The surgeons general were testifying before the subcommittee on the defense health program. At $18.9 billion, the program's fiscal 2006 budget is an 8.9 percent increase over the previous year's.
"Every dollar invested in the defense health program does much more than just provide health insurance to the department's beneficiaries," Army Surgeon General Lt. Gen. Kevin Kiley said. "Each dollar is an investment in military readiness. In ( Operation Iraqi Freedom ) and ( Operation Enduring Freedom ), that investment has paid enormous dividends. And in my visits to Iraq, I can document that personally."
The dividends he spoke of also were heralded by Navy Surgeon General Vice Adm. Donald Arthur and Air Force Surgeon General Lt. General George Peach Taylor Jr. They each reported seeing improvements to battlefield medicine that have reduced the number of servicemembers who did not survive their injuries to less than 10 percent. This figure is a significant improvement over Operations Desert Storm, during which approximately 22 percent of injured servicemembers did not survive.
"This improved survivability is due to superior training of our combat medics, leveraging technology to provide resuscitative surgical care far forward on the battlefield, the superb efforts of the Air Force's critical care and medical evacuation teams, and the advanced research and state-of-the art care available at our medical centers," Kiley said.
It's also because of teamwork and the members of Congress who have supported numerous advances in combat casualty care, he said.
Arthur said that the care received in theater also was key to increased survivability.
"The thing that was most critical to the care of wounded soldiers and Marines over there was the training that the corpsmen and medics got," he said. "The corpsmen and medics were there and delivered the care at the time of the wounding, the training of the surgical teams and the rapid ( medical evacuation ) and the incredibly great service at Landstuhl ( Regional Medical Center in Germany ) on their way back to the United States ( all contribute to survivability )."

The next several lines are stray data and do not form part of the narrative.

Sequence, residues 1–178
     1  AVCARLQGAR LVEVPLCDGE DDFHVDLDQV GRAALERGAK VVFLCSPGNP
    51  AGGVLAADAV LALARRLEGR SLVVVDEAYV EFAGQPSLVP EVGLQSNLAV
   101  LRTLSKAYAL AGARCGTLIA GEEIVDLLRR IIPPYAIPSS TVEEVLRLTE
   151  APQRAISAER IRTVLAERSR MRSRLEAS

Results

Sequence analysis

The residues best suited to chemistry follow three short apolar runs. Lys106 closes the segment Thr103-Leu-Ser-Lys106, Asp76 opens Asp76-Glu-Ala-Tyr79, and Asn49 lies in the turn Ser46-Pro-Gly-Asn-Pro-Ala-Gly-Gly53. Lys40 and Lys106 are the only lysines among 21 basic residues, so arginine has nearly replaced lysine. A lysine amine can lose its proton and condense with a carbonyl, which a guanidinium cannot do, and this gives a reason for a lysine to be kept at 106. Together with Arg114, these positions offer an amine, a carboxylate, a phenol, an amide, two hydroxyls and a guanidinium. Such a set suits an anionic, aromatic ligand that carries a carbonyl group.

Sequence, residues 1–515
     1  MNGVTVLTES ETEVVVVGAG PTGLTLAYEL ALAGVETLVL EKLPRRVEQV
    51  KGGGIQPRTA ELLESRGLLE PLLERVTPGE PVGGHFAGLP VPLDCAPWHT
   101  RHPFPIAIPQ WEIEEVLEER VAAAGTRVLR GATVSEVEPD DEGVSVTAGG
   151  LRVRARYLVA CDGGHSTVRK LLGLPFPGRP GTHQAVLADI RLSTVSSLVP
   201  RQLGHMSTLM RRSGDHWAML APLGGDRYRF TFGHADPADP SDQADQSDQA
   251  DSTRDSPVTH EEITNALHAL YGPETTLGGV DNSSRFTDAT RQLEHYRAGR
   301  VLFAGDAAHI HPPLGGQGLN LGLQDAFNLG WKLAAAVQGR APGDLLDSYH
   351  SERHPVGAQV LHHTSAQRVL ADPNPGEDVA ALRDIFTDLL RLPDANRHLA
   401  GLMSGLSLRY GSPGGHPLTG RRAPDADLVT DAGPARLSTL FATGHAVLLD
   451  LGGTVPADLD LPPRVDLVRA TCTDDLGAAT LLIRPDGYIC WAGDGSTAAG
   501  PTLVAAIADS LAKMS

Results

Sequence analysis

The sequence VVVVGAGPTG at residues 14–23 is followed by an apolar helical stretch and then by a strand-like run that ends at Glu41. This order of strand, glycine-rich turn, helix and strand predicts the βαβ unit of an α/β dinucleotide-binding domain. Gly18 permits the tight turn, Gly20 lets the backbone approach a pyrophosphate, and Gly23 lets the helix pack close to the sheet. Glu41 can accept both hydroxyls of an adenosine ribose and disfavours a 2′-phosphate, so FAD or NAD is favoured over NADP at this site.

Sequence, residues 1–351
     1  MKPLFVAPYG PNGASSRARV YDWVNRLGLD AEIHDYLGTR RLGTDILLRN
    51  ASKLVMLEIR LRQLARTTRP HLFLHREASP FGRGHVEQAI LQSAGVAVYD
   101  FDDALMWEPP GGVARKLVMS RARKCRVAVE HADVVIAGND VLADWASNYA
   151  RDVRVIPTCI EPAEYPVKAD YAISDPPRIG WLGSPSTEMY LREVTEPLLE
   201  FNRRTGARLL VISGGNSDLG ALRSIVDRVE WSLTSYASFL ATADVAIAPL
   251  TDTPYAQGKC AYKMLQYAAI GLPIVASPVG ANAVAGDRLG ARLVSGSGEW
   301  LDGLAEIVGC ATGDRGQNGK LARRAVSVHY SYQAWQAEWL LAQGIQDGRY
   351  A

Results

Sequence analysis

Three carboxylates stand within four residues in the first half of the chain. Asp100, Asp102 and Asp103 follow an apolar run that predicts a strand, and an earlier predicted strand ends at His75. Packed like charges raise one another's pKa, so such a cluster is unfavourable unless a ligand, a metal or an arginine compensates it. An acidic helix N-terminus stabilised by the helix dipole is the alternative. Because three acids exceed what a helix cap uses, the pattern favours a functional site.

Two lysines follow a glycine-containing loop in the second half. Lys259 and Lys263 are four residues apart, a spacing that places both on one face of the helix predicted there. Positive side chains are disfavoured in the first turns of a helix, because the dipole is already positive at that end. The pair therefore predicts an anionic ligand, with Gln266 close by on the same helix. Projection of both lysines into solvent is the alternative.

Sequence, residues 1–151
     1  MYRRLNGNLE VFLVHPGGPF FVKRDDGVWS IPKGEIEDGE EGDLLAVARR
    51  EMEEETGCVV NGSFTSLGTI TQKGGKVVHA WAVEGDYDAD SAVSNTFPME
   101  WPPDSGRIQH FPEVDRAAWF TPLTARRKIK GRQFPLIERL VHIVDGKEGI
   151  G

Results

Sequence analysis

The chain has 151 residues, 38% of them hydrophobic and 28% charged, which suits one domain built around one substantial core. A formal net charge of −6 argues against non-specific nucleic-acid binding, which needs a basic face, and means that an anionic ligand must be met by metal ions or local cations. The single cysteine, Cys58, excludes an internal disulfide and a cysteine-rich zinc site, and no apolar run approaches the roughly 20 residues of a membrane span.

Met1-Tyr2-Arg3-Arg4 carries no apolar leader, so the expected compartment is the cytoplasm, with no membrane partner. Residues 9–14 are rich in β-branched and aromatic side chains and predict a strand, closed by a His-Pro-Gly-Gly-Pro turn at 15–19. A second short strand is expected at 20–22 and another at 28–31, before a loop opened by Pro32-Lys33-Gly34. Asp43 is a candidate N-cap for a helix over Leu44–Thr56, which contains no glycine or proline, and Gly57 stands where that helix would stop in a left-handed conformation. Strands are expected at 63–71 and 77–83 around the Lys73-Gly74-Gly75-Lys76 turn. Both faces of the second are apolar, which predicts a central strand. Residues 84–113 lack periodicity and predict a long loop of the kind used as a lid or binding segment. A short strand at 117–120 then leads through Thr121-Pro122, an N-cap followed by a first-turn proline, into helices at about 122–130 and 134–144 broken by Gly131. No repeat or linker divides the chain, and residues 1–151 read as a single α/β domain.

Taylor focused on the rapid evacuation, saying that the Air Force's aeromedical-evacuation personnel have completed approximately 55,000 patient movements since the beginning of Operation Iraqi Freedom.
"In addition, partnering with our critical-care air-transport teams, our air and medical-evacuation system has made it possible to move seriously injured patients with astonishing speed -- as short as 36 hours from the battleground to stateside medical care," Taylor said. He added that this was "unheard of even a decade ago."
The Air Force's expeditionary medical support teams, or EMEDS, are also the lynchpin of the ground mission, he said The EMEDS' modularity has supported field commanders by ensuring the right level of medical care is provided to servicemembers wherever they are, Taylor added.
"As importantly, the speed with which we can deploy EMEDS is unprecedented, making EMEDS the choice for Special Forces and quick-reaction forces in the United States as well as abroad," Taylor said.
Despite improvements, Taylor said, there are still challenges in the military healthcare system. One challenge is sustaining a world-class environment in which military medical personnel can practice their specialties. The number of casualties returning to stateside medical facilities presents another challenge. "We've had to prioritize workload to support casualty care and deployment medical screening," Taylor said. "Family member and retiree care have, in some cases, shifted to the private sector."
While private-sector medical facilities are tangibly equipped to handle combat casualties, which would reduce stress on the military system, they would not understand the unique needs of wounded servicemembers, Arthur said.
"At ( the National Naval Medical Center in Bethesda, Md. ) or Walter Reed ( Army Medical Center here ), these Marines and soldiers are still in combat," he said. "They still remember the stresses that they incurred in combat, and we care for them in a way that civilian hospitals could not do, just because we have the background and we have shared that combat experience with them."
Finally, the success of the military medical system for its patients and their families comes down to teamwork, he said.
"I would say that one of the great benefits of our medical department is that we're not just a medical corps or a nurse corps, ... we're a combination," he said. "We're a team, and it's that teamwork, that synergistic effort of all of our corps together, that really makes us strong. You don't find that in civilian institutions, and that's what I think makes our military medical departments great."
Published on: 2005-05-11